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5.0 out of 5 stars What a author
Remember as a youngster coming across this maverick author and buying the book which was lost some moves ago.great to reacquaint myself with these stories
Published 15 months ago by Evelyn P Wootton

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3.0 out of 5 stars other than that in good condition.
Paper was damaged, other than that in good condition.
Published 2 months ago by J. Ellis


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4.0 out of 5 stars More Hair Down, 27 Dec 2013
By 
John M. Ford "johnDC" (near DC, MD USA) - See all my reviews
(TOP 500 REVIEWER)   
This collection is the second volume of science fiction stories collected by Harlan Ellison. He intends them to represent the creative and unrestrained voices that were emerging in the genre at that time. The first volume is Dangerous Visions; a planned third volume was never published.

Here are five of the forty that I liked a little more than the rest:

Ursula Le Guin's "The Word for World is Forest" is the novella version of the subsequently published novel The Word for World is Forest. Heavily influenced by the author's view of the Vietnam War, the story chronicles human colonization of the planet Athshe and their exploitation of its native sentient species. Initially passive, the natives eventual decide they have had enough.

Joanna Russ's "When It Changed" takes place on the planet Whileaway where there have been no men for centuries. When male astronauts from Earth reestablish contact with this lost colony, it is clear that contact with men will impact the planet's culture and values. Not everyone is pleased at the prospect.

Chad Olliver's "King of the Hill" begins in the near future on an Earth expiring in a swamp of pollutants. Sam looks around him for some way to use his great wealth to make this dying place a little better. He sees no hope. So he turns his attention to who will inherit when he is gone.

Piers Anthony's "In the Barn" is built around the existence of parallel realities, each with its own Earth, solar system, stars, etc. Some realities differ greatly from ours, some differ only slightly. Hitch is an investigator who travels between realities to evaluate differences from our own and the advisability of official contact. In his latest investigation he makes a close contact within Reality #772's dairy industry and learns the importance of proper breeding.

Ben Bova's "Zero Gee" is a roommate story. Chet, Jill, and Linda spend a few days in a space station on a mission for the U.S. Air Force. There isn't a lot of privacy. And sometimes three really is a crowd. `Nuff said.

And there is even some interesting poetry by Ray Bradbury. There are some good stories here. Most do not have that frantic, trying-too-hard-to-shock feel that was too much present in the first volume. Perhaps the nearly ten years that passed between the two publication dates had something to do with it. The new voices were starting to become the voices we were used to. Whatever the reason, the result is a better collection of stories. Enjoy!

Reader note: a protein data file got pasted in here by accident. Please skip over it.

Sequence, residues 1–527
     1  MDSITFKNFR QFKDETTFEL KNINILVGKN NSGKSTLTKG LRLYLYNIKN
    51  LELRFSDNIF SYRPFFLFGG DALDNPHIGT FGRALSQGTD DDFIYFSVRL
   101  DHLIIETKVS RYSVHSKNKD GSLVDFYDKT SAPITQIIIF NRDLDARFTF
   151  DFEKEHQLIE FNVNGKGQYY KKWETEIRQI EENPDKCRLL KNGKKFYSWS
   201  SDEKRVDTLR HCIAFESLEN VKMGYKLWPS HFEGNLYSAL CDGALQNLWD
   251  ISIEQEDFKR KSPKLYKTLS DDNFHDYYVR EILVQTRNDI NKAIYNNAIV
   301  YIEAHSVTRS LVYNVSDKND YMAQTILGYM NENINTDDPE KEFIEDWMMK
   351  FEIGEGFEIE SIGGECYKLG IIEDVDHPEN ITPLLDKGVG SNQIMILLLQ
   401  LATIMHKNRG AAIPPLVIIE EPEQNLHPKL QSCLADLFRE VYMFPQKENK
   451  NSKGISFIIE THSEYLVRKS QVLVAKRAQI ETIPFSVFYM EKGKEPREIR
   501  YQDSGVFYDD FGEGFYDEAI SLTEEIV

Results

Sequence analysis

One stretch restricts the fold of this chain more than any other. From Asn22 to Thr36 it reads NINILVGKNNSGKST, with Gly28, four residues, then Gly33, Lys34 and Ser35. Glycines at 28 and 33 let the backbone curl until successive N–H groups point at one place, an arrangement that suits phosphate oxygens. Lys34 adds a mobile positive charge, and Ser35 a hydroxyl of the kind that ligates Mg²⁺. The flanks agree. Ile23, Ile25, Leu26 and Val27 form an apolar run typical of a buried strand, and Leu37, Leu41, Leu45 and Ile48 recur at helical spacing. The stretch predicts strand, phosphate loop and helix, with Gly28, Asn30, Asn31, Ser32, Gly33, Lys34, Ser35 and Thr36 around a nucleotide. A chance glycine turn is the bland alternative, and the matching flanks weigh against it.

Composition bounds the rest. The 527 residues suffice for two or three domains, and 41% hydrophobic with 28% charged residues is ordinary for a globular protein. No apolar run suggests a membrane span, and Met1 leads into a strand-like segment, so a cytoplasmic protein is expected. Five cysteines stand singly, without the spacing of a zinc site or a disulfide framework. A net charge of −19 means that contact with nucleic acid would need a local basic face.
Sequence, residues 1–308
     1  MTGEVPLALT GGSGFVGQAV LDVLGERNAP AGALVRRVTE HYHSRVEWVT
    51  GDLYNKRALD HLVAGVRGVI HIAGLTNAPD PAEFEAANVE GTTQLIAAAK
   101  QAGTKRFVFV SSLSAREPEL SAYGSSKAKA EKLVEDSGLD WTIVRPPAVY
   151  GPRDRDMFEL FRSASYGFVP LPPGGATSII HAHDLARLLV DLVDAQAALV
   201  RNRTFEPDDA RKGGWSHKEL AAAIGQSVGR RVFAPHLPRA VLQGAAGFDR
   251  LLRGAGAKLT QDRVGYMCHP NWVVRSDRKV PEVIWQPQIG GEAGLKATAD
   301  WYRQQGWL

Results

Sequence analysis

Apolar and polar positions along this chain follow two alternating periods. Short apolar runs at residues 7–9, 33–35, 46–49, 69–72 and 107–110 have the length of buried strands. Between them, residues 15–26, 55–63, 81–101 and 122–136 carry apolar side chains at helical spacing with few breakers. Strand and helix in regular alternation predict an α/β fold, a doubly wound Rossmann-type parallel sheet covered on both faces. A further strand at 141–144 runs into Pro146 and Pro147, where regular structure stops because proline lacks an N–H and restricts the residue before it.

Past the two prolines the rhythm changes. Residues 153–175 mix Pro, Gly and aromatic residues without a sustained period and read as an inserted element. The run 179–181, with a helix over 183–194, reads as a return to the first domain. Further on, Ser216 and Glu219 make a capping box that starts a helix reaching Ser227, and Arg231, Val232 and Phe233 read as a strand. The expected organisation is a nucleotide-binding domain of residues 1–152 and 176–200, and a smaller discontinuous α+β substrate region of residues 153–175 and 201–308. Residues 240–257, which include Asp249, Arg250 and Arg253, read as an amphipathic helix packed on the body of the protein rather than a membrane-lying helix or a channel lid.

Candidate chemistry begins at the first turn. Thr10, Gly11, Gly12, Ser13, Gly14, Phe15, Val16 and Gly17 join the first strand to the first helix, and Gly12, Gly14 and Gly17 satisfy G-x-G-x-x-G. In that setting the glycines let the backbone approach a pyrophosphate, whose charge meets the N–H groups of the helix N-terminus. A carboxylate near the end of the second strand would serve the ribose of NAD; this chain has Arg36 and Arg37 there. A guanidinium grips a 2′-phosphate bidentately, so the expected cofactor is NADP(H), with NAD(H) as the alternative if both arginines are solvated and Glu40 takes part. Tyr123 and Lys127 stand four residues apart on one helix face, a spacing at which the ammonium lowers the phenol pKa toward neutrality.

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5.0 out of 5 stars What a author, 28 July 2013
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Remember as a youngster coming across this maverick author and buying the book which was lost some moves ago.great to reacquaint myself with these stories
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4.0 out of 5 stars One of the great collections of speculative science fiction, 22 July 2013
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Dangerous Visions and its sequel Again, Dangerous Visions are among the great works of new, experimental and subersive speculative fiction - a must for the history of the genre
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5.0 out of 5 stars Dangerous for its time, 1 Jun 2013
By 
M Poole "The Tillerman" (The wilds of Yorkshire) - See all my reviews
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This review is from: Again, Dangerous Visions (Paperback)
Although the world has moved on and some of the things viewed as dangerous in this book may seem dull, it is important to view the book, the authors and the editor in the proper setting of the USA in the late 60s. People were being challenged and unsettled by the world around them, and many of these stories bring that to the reader. If you're a new reader of these authors, you will find many names to pick up and enjoy. The list of authors is almost a Who's Who of SF of the time.

Perhaps some of the stories seem dated, some seem pointless but what this book can do for you more than anything is introduce you to names that are not as well-known as they deserve. Step away from the boring and take a chance. Pick one, read it and then find out more about who wrote it.
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3.0 out of 5 stars other than that in good condition., 18 Aug 2014
By 
J. Ellis "Jonny ellis" (Hull, england) - See all my reviews
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Paper was damaged, other than that in good condition.
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Again, Dangerous Visions
Again, Dangerous Visions by Harlan Ellison (Paperback - 19 May 2009)
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